The 2010s will, no doubt, go down as a golden age in Denver art, powered by a downtown construction boom not seen here in a century. The decade’s build-big trend coincided with its buy-local fad and that has meant millions of dollars in sales for artists, particularly to hotels, which use regional painters, sculptors, photographers and graphic designers to brand themselves as made-in-Colorado.
The Maven Hotel at Dairy Block, which opened this spring, spent $1 million alone on its whimsical, wide-ranging collection, and there have been serious and significant commissions for individual artists, worth tens of thousands of dollars, at sites like the sleek, soon-to-open Le Méridien, and at existing establishments like The Curtis Hotel, which have been picking up their game as they contend with an influx of hospitality business competitors.
The Hotel Born, which began welcoming guests last week, has pushed this art rush forward in the best of ways, amassing more than 700 pieces by 32 local artists. The work is terrific, important even, in the way it defines the current level of talent in the region across generations. Displayed throughout the lobby, hallways and rooms, it feels more like a contemporary museum exhibit than it does a commercial collection.
I’d like to say that it’s stunning, but frankly, it isn’t. For sure, it’s striking, and it has a few showy moments, but it’s better described as subtle and thoughtful, adventurous at its easiest, disturbing at its most challenging. While other hotels have gone for punchy and colorful art moments — big objects meant to supply happy thrills — the Born has opted for something richer, a collection that captures a range of emotions, something that begs to be looked at, examined and experienced.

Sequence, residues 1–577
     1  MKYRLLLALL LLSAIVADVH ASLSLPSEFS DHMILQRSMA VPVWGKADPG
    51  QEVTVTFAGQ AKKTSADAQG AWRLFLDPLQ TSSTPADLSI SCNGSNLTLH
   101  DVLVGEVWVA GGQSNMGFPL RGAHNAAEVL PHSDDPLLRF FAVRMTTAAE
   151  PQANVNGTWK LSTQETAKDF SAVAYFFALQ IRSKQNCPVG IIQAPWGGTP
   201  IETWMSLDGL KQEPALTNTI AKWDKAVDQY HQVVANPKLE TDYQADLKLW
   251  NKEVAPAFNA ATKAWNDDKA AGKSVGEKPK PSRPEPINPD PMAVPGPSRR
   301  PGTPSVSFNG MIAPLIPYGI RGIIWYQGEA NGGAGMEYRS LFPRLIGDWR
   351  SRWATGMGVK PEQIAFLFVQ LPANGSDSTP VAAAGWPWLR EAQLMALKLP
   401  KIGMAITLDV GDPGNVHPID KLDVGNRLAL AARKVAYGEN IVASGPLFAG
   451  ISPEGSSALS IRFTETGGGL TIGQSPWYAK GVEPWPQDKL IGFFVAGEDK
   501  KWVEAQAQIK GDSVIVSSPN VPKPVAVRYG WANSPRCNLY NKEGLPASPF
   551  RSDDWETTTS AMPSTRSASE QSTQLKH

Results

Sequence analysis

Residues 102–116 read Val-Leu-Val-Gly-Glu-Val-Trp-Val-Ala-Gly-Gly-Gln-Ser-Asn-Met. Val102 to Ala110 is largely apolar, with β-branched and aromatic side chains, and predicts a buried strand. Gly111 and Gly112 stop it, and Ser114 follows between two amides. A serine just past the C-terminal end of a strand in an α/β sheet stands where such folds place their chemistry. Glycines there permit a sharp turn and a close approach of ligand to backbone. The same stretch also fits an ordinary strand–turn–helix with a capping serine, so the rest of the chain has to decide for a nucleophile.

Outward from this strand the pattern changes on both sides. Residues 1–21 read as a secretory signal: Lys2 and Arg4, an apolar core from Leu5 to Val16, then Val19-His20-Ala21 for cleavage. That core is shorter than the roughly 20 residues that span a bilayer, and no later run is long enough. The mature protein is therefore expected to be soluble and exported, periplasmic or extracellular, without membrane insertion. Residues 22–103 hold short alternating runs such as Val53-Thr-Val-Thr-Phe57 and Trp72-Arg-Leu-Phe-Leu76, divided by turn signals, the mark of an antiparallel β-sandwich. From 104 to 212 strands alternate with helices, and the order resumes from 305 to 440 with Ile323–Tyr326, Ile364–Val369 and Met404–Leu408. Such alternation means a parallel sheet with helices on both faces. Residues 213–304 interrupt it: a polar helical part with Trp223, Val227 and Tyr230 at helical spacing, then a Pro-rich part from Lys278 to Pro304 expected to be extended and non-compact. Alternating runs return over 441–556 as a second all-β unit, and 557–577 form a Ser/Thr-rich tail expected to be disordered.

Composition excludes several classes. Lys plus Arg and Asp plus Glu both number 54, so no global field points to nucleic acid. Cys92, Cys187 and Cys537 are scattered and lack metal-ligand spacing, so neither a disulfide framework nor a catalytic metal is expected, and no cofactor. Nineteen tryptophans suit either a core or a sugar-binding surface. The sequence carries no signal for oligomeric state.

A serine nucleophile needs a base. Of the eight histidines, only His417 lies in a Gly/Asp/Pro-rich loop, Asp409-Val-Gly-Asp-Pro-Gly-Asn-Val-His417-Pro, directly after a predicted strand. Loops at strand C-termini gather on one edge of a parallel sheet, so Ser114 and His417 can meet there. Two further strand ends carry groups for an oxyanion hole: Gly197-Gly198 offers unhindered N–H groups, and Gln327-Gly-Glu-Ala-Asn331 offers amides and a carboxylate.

And so along with some quick hits, like David Zimmer’s elevator-side sculptures of digitized birds chirping away, you might encounter a mysterious drawing by Bill Stockman, based on a poem by W. B. Yeats about obsessive love, which the poet described with the line “a fire was in my head.” Yes, Stockman’s line drawing features a man with his head on fire, along with a ghostly doppelgänger on his right and an unexplained, jagged patch of red on his left. It’s not all that alarming, really, but it isn’t what you see at the Holiday Inn either, and it will be endlessly compelling for the people who get to sleep, meet and work in the building.
There are more examples. The hotel courtyard features a massive fence, based on the work of artist Joel Swanson, that endlessly repeats the word “THERE.” The typography is laid out so that there is equal space between words and letters, and it’s impossible to discern where things start and stop. Does it read “THE” or “HER” or “HERE”? It’s a thoughtful, entertaining guessing game that deconstructs language.
Compare that to a number of pieces inside by artists like Molly Bounds, whose paintings capture faceless female forms that appear caught in a state of anxiety, or Mark Sink’s vintage photo of long-dead society women with their faces blotted out. There are Laura Shill’s semi-sexually violent romance novel covers and Caleb Hahne’s paintings of disembodied classical deities. Throughout, the scenes are stormy, shadowy and obscured.
It’s all there — though things sound more ominous than they look. That’s because curator Adam Lerner, who runs the Museum of Contemporary Art Denver down the street, opted in most cases to commission smaller works. In the hotel art world, bigger is nearly always thought of as better.